A move by Gov. Brian Schweitzer's administration to freeze a bunch of money spent on local projects came under fire Wednesday as lawmakers started looking at a budget situation that has prompted the governor to consider widespread cuts. Republicans said that the Schweitzer administration overwhelmingly targeted rural counties with GOP lawmakers when it recently decided to hold back spending on $3.5 million in grants to local governments. "Of course that's what it was," said Sen. Dave Lewis, R-Helena. "The majority of it is rural counties with Republican lawmakers." The Schweitzer administration countered that the $3.5 million in local government grants are simply the ones that happened to be on the table when it decided to freeze such spending. It said the situation is the same as a similar amount of money in historic preservation projects. Budget Director David Ewer said the freeze could be temporary and was not a partisan move. He pointed out that much larger outright cuts previously announced by the administration for local spending targeted projects in such places as Great Falls and Wolf Point, hardly Republican strongholds. "The austerity measures are all over Montana," Ewer said of Lewis' criticism. "I don't think that argument holds any water." And Senate Minority Leader Carol Williams, a Democrat, pointed out that one of the biggest local projects on the list — $320,000 for a road in Missoula — goes to her hometown. "I do think what the budget office is trying to do is to make sure we are proactive," Williams said. "I do think it's appropriate." The money is not considered part of the roughly $40 million in budget cuts that Schweitzer's budget office is recommending. But if left unspent for the rest of the year, lawmakers said it would revert to the general fund for the next budget period. Williams said Republicans who oppposed lots of infrastructure projects with the stimulus spending are being hypocritical by now critizing money not spent on infrastructure. At the same time, she agrees it is Unfortunate that infrastructure projects that could create local jobs are now in limbo. "I hope if things look better in the spring and summer, if things do look better, we can go ahead with these projects," she said. The local government grants come from state money freed up with the federal stimulus funds. Although not directly federal money, critics said its intent was to create jobs as part of stimulus project planning. Lewis, the Republican, said it would be much better to cut the money from state government than freeze spending on projects meant to build the economy. "These are jobs in rural Montana," Lewis said. "I would pick cuts in other areas." Overall, Gov. Brian Schweitzer is considering a plan to cut the budget by about $40 million as a way to make sure the state doesn't run into a defecit next year. A legislative committee looks at the plan in detail over the next two days, and could offer comment. On Wednesday, a leading economist told lawmakers that the economy is slowly rebounding, but budget issues for state government will take longer to resolve. "If you are looking at the economy to come back to normal, it is a new normal. It is a slow normal," said University of Montana economist Patrick Barkey. Lawmakers are eying 2011, when they will have to set a new budget. Some projections show that cuts to current programs may be steep in order to adjust for reduced tax collections. Tea Party activists held a rally outside the Capitol calling for larger budget cuts than the 5 percent Schweitzer is considering. Ultimately the governor could decide to cut up to twice that amount, but any more and he would be required to call the Legislature into session — a move that very few lawmakers are advocating for at this point.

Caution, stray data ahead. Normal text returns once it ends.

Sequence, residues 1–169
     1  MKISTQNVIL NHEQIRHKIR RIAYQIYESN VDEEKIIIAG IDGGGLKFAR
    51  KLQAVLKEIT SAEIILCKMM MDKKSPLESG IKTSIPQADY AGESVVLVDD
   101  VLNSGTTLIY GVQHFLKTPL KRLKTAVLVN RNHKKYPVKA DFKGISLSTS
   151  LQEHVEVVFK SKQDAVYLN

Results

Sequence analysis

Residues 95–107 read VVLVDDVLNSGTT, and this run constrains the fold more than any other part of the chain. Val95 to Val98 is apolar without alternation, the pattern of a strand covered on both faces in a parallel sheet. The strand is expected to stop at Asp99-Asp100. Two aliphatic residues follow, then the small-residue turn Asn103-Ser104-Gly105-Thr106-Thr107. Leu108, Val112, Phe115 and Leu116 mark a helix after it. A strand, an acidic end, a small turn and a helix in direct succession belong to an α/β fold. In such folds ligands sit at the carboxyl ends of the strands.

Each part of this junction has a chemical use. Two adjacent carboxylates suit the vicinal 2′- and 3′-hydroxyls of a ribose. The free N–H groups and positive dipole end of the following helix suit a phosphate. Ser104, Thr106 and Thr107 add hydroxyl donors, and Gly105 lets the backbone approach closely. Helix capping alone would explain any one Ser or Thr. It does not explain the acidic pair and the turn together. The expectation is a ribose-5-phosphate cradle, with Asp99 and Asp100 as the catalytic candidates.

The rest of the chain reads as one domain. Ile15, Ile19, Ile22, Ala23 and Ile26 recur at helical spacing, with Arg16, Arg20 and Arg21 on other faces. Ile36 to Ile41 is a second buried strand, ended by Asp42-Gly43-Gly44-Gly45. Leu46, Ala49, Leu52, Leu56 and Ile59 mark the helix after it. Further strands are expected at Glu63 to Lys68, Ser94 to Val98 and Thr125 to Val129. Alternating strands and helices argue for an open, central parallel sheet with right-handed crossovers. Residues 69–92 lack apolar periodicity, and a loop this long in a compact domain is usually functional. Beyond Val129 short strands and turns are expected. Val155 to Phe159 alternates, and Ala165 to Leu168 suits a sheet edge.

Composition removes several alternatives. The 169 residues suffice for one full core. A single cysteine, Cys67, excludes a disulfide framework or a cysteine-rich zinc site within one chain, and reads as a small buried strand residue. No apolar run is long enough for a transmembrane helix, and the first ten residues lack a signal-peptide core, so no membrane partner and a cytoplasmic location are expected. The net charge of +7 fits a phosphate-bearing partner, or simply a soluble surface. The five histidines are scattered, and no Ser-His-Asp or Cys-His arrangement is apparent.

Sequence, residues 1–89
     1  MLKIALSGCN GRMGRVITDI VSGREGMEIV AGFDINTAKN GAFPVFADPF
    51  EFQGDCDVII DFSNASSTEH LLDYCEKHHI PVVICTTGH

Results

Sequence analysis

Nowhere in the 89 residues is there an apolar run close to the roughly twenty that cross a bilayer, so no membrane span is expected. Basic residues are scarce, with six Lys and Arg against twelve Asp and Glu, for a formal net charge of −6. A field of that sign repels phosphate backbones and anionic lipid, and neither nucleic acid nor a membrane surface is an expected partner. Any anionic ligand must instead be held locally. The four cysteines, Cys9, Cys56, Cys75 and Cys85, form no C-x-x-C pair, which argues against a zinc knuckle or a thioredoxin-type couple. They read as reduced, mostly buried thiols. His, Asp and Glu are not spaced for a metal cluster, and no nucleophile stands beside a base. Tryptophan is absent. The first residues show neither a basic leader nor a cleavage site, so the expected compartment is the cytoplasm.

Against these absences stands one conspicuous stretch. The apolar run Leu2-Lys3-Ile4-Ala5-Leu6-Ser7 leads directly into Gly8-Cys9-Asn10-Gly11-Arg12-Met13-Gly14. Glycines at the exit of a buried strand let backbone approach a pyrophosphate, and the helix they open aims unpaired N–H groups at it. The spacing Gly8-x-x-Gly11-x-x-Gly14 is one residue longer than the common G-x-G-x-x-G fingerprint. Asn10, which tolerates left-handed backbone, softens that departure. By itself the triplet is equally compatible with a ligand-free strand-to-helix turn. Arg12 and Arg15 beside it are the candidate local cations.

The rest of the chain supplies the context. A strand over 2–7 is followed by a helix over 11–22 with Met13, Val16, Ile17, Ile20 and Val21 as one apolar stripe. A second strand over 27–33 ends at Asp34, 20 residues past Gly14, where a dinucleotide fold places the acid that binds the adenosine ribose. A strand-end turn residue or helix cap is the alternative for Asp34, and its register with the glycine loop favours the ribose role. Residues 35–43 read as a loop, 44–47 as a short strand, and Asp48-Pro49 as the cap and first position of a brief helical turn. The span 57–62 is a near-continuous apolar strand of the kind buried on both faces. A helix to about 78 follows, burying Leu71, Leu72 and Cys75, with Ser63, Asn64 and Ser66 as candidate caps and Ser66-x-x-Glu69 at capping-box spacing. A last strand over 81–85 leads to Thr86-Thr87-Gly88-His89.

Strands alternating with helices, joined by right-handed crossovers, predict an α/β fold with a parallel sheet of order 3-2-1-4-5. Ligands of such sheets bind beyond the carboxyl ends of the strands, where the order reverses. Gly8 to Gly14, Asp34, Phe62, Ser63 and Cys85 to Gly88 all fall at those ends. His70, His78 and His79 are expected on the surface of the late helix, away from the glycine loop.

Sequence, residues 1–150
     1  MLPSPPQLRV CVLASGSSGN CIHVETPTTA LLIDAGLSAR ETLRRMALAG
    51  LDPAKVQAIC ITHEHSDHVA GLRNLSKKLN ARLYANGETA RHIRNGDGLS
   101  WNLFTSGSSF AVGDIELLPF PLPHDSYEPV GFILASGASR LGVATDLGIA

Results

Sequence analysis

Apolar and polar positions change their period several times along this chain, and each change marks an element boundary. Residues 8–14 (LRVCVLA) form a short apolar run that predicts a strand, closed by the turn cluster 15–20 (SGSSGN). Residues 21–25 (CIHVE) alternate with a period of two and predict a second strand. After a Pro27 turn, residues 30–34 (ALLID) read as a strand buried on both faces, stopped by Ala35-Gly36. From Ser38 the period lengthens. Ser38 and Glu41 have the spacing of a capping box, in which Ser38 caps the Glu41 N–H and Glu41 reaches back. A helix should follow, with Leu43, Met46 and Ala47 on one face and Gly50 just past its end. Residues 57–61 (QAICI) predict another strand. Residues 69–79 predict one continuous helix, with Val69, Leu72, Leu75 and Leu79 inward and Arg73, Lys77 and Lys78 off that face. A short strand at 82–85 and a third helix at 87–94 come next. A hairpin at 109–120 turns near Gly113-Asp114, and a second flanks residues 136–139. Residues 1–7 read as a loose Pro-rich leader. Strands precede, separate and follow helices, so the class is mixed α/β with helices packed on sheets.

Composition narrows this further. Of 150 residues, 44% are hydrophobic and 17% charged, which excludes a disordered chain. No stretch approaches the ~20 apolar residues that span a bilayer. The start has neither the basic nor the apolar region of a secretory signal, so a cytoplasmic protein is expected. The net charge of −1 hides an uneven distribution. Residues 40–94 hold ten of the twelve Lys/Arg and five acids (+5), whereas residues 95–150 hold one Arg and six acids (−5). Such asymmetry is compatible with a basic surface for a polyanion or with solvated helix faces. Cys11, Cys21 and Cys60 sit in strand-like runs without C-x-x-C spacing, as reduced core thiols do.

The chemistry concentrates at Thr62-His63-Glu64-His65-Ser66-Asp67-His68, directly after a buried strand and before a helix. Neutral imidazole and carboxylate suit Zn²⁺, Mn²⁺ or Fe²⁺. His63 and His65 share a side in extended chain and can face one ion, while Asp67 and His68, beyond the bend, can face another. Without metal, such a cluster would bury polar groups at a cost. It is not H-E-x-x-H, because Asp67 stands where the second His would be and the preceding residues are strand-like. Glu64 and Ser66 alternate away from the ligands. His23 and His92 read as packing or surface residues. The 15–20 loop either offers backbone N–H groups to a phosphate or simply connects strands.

State freeze on local money draws GOP criticism
Published: Thursday, March 4th, 2010
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